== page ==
Q&A with Midwife Cath: 5 most common questions about newborns
As a midwife, maternal nurse and child health expert, I’ve fielded many questions from parents over the past 43 years. These range from concerns about conceiving, pregnancy and labour to parenting.
These are some of the most common questions I get asked.
Why doesn’t my baby sleep all the time?
Parents often think their babies will continue to feed and sleep all the time like they did in hospital. Most adults want the baby to fit into their hours but babies have their own internal clock and need to go to bed later at night rather than earlier.
Hunger can be the major reason that a healthy, full term baby won’t settle into sleep until about 6-8 weeks of age, so it takes a lot of feeding and patience to get a baby into a “routine”. Whilst you can’t overfeed a baby but you underfeed them.
To eliminate this as a key contributor to sleep problems, I encourage parents to check their baby is getting sufficient food, by noticing these two things:
- Are they gaining weight?
- Do they have a very wet nappy when you change them?
You don’t need to feed by the clock – it is better to feed when your baby needs it.
What causes ‘wind’?
A lot of parents ask me about ‘wind’ and how to manage it.
It is normal for babies to be noisy, and squirm around – especially at night time. Burping, wind (both ends), hiccups, and squirming are all a natural function.
Whilst they can burp themselves, you can help them by gently rubbing their back while they are upright over your shoulder. You can also place your baby on their tummy and massage their back lightly to help them release wind. Babies also get the hiccups which is a sign that they have brought up their wind.
How often should I change the nappy?
Frequently is my answer! Especially in the newborn phase as they have more frequent bowel actions. When a baby is drinking a lot of milk, they can have a bowel action before, after and during their feed.
My tips are:
- The nappy should fit firmly – choose a nappy that is right for your baby’s weight and fit it securely to avoid baby’s (especially boys!) weeing out the side of the nappy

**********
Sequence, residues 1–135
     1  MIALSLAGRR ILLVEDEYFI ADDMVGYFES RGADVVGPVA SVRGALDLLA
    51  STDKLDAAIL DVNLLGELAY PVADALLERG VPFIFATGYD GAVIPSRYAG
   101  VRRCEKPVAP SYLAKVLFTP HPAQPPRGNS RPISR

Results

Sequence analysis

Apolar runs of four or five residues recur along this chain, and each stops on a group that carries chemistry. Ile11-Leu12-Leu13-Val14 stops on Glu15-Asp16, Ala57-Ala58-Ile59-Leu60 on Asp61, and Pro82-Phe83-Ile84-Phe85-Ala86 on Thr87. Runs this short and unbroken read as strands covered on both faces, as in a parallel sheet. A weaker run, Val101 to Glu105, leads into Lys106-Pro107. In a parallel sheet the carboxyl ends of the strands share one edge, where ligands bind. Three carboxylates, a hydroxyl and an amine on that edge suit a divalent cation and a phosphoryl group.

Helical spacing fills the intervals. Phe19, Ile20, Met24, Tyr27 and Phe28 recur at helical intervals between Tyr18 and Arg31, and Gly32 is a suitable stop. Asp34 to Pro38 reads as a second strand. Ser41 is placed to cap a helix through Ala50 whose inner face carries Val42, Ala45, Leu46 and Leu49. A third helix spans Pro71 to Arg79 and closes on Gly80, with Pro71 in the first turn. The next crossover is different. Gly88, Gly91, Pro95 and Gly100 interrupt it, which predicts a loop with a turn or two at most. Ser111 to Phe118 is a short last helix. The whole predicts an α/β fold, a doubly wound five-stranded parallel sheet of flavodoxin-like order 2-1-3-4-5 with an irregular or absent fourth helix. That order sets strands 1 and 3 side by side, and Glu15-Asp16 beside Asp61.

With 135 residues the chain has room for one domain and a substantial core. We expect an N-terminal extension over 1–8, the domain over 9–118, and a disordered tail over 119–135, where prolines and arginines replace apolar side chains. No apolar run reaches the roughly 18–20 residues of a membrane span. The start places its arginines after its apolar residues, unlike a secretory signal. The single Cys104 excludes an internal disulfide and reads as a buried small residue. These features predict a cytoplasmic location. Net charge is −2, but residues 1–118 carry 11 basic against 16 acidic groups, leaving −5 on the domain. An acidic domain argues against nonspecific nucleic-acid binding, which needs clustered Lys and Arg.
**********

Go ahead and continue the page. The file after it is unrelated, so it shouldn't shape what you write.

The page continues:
- Change nappy’s between breastfeeds
- Use gentle baby wipes between nappy changes.
Why is my baby crying?
New parents are especially distressed when they see their baby cry, because they fear something is wrong.
But all babies cry, and these can be some of the reasons:
- When their clothes are off
- When they are having a nappy change
- Hunger – even if they’ve just been fed!
- Discomfort – like reflux which can start from 3 weeks of age
Remember, a newborn has spent their life in a warm safe environment in-utero, and so when they are undressed, unwrapped or experiencing a nappy change they will cry. Comfort them by feeding and cuddling them.
A baby’s facial expression will tell you what they are feeling, and parent’s will instinctively know when something is up.
A newborn will cry with gastric reflux which is basically heartburn. They cry because they have acid regurgitating up after a feed or when vomiting after feeds. The reflux needs to be diagnosed by a GP or paediatrician and the baby shouldn’t be given any over the counter medications unless ordered by a doctor.
If a baby has a high pitched cry, and does not settle with comfort or food you should have the baby checked by a medical professional. If a baby has a high temperature and is floppy and crying – again you must seek medical advice.
I just fed him, he can’t possibly be hungry?
It’s important to remember you can’t overfeed a baby. New mothers usually don’t want to feed their baby if they have recently been fed. However, a new baby needs to put on weight every day, every week, every month and every year for healthy growth and development.
My tips for feeding are:
- Respond to your baby regarding feeding. Remember you can’t overfeed them
- Feeding should be a quiet and relaxing time for you both. Talk quietly to your baby when feeding
- When going out – always take a full change of clothes, nappies, wipes etc plus bottles, cooled boiled water and formula
- Breast care is important when feeding. Don’t massage your breasts, feed regularly and pump only if you have a sick or premature baby. Check your breasts daily for any red spots which might indicate early mastitis.
If you don’t have enough breast milk, top the baby up with formula to add calories. They need to put on weight to grow, gain weight and this gives them the capacity to sleep better!